Gus, a 39-year-old lawyer in Florida, hates working out at home. He’s never liked it, no matter how many decades of ultimate home gym commercials he’s been forced to sit through. “I remember when P90X came out, the commercials and infomercials were pretty ubiquitous, but back then, I really wasn’t into fitness and didn’t work out at all,” he tells me. “Honestly, I’ve never really done any home-fitness routines, because I just don’t like working out at home.”
As such, Gus admits that with gyms being closed due to the COVID-19 pandemic, he spent the first month of the quarantine “eating and drinking too much.” But two weeks ago, he had the sudden realization that his 40th birthday is just four months away. “I decided to get my ass in gear and start getting fit again,” he tells me. “I also just started hating myself for gaining weight and wanted to nip it in the bud before it got worse.”
And where did he turn for help?
P90X, of course.
“It was the first one that came to mind,” he says, all that infomercial ubiquity paying off. “I remembered that it had a reputation for being pretty intense, which it is.”
Katherine, a 35-year-old in Wyoming, was given the P90X DVD set back in 2012 by her sister. Despite recovering from spinal fusion surgery, Katherine’s first attempt at P90X was short-lived. “At the time, I was unable to do certain movements,” she tells me. “I wanted to try the program, but it was so hard. I couldn’t keep up and figured that I just wasn’t fit enough for it.”
When quarantine hit, however, something clicked. “I read that people who are obese are at a higher risk of getting coronavirus,” she says. “That was the last week of March, so I just decided I was over being out-of-shape and sick of being depressed with how I felt and looked. So I dusted off the DVDs and gave it another try — like, for real this time.”
After just three weeks, Katherine says she’s “keeping up with all the reps” and that she “upped [her] weights as well.” “I feel great,” she continues. “I work out six days a week, some weeks seven, because I just feel so much better afterward. I can run up steps and not be winded. I’m seeing changes in my arms, and my clothes are fitting so much better than they have in a long time. I feel like a noob for being so late to the party, but something about P90X and [creator/trainer] Tony Horton makes it enjoyable.”
To her last point, while the program doesn’t have quite the cult following it had back in the 2010s, Katherine and Gus have definitely discovered some fellow P90X devotees on the subreddit r/P90X, which has seen a jump in subscribers since r/LifeProTips posted that P90X is free on the internet archive.
And so, when not working out, the new converts take to r/P90X to share advice, motivation, and duh, memes:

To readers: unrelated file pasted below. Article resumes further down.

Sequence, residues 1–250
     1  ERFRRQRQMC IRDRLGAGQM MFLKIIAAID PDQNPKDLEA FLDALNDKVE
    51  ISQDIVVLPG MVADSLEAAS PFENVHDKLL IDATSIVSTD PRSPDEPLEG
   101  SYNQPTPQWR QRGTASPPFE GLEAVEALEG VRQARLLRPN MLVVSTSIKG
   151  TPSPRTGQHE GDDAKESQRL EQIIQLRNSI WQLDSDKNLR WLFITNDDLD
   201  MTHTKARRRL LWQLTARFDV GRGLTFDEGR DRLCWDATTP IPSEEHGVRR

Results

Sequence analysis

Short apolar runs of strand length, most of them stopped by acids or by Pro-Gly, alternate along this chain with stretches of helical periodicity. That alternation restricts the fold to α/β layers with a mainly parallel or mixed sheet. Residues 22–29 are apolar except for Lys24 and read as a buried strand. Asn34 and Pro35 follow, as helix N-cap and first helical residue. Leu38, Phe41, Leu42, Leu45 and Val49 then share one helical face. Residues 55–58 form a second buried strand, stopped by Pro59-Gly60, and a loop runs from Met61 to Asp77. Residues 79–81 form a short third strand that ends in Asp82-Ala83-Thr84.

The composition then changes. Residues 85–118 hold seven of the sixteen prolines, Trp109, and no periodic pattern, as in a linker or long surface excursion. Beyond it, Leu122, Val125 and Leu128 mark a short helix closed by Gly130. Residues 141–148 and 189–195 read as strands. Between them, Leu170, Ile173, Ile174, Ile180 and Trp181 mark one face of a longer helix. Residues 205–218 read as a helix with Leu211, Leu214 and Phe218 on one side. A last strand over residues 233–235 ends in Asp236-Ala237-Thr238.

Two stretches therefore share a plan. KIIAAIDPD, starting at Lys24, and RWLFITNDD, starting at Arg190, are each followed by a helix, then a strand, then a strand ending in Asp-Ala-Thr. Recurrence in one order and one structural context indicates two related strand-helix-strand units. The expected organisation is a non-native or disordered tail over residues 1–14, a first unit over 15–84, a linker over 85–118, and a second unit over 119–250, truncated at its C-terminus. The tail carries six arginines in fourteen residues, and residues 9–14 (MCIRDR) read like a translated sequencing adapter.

“The workouts themselves are intense, but in a way that feels attainable,” says Gus, who is two weeks into the 15-year-old program. “Even if I can’t do the move they do in the video, it feels like only weeks or months away before I can. Likewise, I’m nowhere near in the shape of the people in the video, but it doesn’t feel like an impossibility that I’d reach that level either.”
For Arthur, a 27-year-old in Texas, it’s all about Horton. “He’s like a lovable, non-aggressive guy who seems like he really wants to help,” Arthur explains. “Plus, his dad jokes and catchphrases — ‘Pam the blam,’ ‘German potato soup,’ ‘Backing up like a ‘pterodactyl!’ — make it easy to come back week after week. You kind of look forward to them and use them as milestones.”
“Yeah, everyone’s clothes are a little dated,” Katherine admits. “But Tony’s comments are hilarious — if cringey at times — and the man did make a great workout program.”
“Whenever I do it, it feels like coming back home, and Tony is always there to greet me and kick my butt,” Arthur adds.
The man himself, Horton (who has since moved into the supplement game), isn’t shocked that people are finding him again after 15 years. “The resurgence of P90X during these unusual and difficult times is no surprise really because the principles haven’t changed,” he tells me. “Oddly enough, there still isn’t anything out there like it.”
But that doesn’t mean he isn’t humbled by it all. “Sometimes it takes a worldwide pandemic for people to reprioritize the things in their lives,” he continues. “I’m super honored to be part of a growing group of people who understand how important it is now, more than ever, to prioritize their health and that wellness can also be a life-and-death decision.”